Home Recording For Dummies
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Recording music at home means you play several roles — producer, mixer, and probably musician, too. Be sharp by knowing recording-studio lingo and how to get "your effects" by setting effects parameters for reverb and the compressor quickly and easily.

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Words to know as a music producer

When you produce your own music at home, you need to know the language of the music-recording industry. This glossary lets you in on the secret (or not-so-secret) language of the record producer. Read and be enlightened (or not)!

Air: Refers to frequencies above 12 kHz. A quality that allows the song to breathe a little. A feeling of spaciousness. Similar to shimmer.

Angular: This means nothing. If people use this term, ask them to explain themselves. They’ve just gone over the deep end.

Body: The frequency range of an instrument where it produces its richest tone, often around 800 Hz to 1 kHz.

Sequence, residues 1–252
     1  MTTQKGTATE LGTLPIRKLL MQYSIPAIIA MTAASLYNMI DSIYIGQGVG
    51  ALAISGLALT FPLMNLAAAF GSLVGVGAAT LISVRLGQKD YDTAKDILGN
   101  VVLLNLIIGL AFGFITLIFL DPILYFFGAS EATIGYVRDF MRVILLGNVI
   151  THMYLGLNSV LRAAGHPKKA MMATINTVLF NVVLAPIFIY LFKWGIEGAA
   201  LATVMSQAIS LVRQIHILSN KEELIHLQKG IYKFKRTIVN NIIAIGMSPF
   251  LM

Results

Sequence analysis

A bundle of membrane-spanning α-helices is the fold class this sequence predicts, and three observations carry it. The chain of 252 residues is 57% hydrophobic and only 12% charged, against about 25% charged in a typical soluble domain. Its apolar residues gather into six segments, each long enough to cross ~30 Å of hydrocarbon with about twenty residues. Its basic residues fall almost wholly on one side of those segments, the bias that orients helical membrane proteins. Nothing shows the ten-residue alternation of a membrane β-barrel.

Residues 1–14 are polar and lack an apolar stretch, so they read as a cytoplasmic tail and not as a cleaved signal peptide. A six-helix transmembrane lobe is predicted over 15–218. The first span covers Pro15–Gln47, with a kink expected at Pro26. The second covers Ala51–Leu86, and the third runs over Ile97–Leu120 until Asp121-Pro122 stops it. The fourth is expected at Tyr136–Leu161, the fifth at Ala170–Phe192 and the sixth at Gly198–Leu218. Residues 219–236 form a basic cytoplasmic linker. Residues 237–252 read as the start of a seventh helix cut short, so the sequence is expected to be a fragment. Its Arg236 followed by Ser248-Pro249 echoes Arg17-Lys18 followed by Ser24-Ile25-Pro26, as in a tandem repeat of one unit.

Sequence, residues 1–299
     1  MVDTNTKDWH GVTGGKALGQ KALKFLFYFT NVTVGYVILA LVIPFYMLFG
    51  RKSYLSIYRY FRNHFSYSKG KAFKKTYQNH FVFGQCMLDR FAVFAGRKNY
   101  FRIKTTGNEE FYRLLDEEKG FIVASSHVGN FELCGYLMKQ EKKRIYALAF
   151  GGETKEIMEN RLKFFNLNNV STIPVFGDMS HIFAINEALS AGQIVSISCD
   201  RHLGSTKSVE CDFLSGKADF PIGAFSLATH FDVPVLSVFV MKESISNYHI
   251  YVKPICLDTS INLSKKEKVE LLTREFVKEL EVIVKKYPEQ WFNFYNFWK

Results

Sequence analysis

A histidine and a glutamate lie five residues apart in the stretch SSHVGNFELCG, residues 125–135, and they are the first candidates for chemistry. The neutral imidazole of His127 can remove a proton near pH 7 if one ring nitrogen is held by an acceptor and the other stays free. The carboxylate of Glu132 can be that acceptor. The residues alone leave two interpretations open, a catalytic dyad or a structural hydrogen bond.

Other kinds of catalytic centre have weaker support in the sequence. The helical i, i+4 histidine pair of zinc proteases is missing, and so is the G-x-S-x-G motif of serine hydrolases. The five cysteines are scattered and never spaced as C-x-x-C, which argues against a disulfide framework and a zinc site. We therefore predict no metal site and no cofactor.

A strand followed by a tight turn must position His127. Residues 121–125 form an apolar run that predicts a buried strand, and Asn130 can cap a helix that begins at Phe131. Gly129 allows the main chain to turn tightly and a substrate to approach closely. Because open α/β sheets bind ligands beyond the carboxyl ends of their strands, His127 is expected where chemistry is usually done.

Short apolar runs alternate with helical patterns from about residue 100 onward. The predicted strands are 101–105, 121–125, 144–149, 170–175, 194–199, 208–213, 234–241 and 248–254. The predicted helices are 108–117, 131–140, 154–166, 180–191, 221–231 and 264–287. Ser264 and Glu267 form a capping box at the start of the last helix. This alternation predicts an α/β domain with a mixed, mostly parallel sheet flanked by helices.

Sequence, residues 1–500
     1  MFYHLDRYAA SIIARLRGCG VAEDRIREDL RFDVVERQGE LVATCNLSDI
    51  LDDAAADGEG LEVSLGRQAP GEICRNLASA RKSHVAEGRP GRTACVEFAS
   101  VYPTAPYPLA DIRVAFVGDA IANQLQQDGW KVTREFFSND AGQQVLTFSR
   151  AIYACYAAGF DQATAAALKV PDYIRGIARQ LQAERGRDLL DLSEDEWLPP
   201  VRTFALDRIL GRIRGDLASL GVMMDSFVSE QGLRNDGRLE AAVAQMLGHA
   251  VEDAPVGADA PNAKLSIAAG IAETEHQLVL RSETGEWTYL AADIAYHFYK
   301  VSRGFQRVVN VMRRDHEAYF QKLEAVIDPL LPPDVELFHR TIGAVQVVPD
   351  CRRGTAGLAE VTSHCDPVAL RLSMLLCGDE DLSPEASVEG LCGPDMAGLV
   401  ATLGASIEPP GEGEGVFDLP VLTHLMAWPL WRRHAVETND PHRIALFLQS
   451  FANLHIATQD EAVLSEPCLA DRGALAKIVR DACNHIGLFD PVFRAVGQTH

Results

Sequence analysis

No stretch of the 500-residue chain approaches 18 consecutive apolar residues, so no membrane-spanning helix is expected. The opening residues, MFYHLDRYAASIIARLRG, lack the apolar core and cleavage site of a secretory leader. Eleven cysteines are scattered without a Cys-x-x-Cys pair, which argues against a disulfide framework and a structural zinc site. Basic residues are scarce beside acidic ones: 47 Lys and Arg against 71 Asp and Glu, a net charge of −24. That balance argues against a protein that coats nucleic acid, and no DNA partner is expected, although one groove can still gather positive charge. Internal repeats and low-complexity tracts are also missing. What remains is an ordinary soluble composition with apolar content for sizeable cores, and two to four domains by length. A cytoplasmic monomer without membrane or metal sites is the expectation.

Boomy: Too much low-frequency energy. To get rid of boominess, cut frequencies below 120 Hz.

Boxy: Too much 400-Hz to 600-Hz energy.

Bright: Lots of high end, usually referring to frequencies above 8 kHz.

Brown: A term for the sound that Eddie Van Halen used to get from his guitar amp. Brown usually refers to a low midrange quality (200 to 400 Hz) — not to be confused with muddy, however.

Cold: Lacking warmth. Often used as a derogatory term to describe digital recordings. It could also mean too much high end in a recording. In this case, reduce frequencies above 10 kHz slightly.

Crisp: See bright.

Dark: Lacking high-frequency brightness. Could also be dull.

Depth: Full-bodied sound. Often the result of enhancing frequencies just above and below the main body of the instrument.